A man recently boarded a Frontier Airlines flight with a box cutter and was allegedly threatening passengers. The initial question was, how did he get through screening with box cutters, which have been prohibited since 9/11? Subsequent information apparently shows that TSA personnel did discover a box cutter, but only one of two box cutters the man was hiding. So, there is definitely a procedural and training issue that needs to be addressed.

But that’s not what I want to talk about today. What I want to talk about is the fact that TSA will never find every prohibited item and why I’m okay with that.

First, it’s unrealisticPeople and technology make mistakes. You will never completely eliminate human error from a system; even artificial intelligence will always have its weaknesses. That’s why we continue to train and improve as much as possible.

Second, I know the industry is fond of the saying: the bad guys have to only be right once, while we have to be right all the timeI disagree. Hopefully, that phrase motivates people to do their job at the highest level, but we don’t have to get it right all the time. We have to get it right enough of the time to provide the highest level of deterrence possible so that potential attackers select another target besides aviation, or they are swept up somewhere else in the layered security system. In this case, the screening process may have failed, but the passenger intervention layer, did not.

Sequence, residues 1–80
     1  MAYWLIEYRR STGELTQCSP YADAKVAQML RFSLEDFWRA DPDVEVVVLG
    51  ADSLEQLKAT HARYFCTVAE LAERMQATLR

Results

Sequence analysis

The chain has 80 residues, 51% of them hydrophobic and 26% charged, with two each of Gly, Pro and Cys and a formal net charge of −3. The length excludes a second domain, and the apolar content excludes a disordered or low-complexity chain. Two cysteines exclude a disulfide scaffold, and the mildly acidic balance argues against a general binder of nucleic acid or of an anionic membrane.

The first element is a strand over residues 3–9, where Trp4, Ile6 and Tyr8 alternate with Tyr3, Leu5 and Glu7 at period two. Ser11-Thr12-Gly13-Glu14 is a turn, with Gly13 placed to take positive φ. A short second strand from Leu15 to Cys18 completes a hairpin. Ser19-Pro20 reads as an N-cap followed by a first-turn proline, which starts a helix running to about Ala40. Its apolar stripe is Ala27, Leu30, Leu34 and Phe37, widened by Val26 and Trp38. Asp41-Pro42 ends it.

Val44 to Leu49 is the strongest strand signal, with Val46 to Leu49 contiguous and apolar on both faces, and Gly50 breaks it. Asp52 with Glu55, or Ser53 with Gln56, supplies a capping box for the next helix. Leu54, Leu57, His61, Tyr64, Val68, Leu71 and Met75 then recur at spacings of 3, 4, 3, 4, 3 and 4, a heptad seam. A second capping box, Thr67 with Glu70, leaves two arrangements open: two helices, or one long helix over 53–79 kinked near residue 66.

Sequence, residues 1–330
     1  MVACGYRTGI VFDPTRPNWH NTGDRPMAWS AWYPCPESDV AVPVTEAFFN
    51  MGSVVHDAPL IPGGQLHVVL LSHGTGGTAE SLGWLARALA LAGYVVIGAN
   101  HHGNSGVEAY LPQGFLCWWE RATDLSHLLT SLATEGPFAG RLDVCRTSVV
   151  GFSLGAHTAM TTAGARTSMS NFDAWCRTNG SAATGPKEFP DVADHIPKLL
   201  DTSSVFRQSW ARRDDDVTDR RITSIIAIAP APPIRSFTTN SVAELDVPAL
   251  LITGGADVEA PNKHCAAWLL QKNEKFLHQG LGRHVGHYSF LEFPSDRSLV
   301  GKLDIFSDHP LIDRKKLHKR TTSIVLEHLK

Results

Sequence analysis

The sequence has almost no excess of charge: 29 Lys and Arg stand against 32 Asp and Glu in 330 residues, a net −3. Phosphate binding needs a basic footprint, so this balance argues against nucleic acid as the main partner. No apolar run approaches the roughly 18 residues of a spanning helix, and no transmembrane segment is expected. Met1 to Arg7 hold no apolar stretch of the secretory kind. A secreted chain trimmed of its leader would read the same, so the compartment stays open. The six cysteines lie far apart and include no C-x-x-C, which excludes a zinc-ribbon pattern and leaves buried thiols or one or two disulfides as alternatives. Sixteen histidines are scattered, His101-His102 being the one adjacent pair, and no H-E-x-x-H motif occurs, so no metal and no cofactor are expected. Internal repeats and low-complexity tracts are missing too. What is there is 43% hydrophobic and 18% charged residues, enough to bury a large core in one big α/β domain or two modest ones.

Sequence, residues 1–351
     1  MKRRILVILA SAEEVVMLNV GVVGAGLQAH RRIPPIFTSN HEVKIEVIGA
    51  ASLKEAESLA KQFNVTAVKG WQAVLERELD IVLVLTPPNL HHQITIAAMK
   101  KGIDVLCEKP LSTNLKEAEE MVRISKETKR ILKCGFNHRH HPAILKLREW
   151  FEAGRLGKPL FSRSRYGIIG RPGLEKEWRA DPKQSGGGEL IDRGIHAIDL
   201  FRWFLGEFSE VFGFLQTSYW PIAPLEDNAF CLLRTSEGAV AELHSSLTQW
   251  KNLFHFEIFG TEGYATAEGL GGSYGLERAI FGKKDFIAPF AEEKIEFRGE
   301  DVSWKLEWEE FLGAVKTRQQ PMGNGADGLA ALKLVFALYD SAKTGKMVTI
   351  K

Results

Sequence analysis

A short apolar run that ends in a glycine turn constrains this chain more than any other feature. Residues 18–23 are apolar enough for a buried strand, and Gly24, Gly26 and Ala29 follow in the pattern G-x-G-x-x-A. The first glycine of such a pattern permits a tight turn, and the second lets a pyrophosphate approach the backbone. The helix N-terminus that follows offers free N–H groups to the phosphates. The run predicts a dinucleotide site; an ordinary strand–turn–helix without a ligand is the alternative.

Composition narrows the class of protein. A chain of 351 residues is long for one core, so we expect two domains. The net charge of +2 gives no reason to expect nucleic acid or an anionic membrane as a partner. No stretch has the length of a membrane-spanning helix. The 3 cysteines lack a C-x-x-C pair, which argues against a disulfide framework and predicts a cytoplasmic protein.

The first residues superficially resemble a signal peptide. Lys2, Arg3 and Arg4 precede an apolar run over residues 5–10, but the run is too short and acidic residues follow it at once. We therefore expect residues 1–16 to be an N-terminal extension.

Thirdwe can’t focus so much on one part of the system that we create additional problems and increase the risk of other types of attacks, such as active shooterssuicide bombers (or both) in a jam-packed screening queue line. Keeping the lines moving isn’t just about economics; it’s about public-area security. 

I’m not saying I want TSA to take their foot off the gas on this issue. I just want to point out that we need a balanced system that reduces risk, continually seeks to increase detection and deterrence, and keeps people from being sitting ducks to other types of attacks. For that to happen, sometimes things will get missed.

Sidenote: Yes, before you ask, I know how they do security at Israel’s Ben Gurion Airport. But even they make the occasional mistake (not often publicized), and they, like us, have a layered system that doesn’t rely on a single point of failure. But the real issue is that the size and scope of their system pales in comparison to ours. Ben Gurion Airport has about 24 million passenger boardings a year, whereas 2.9 million passengers fly into and out of US airports every day.


By Jeffrey C. Price

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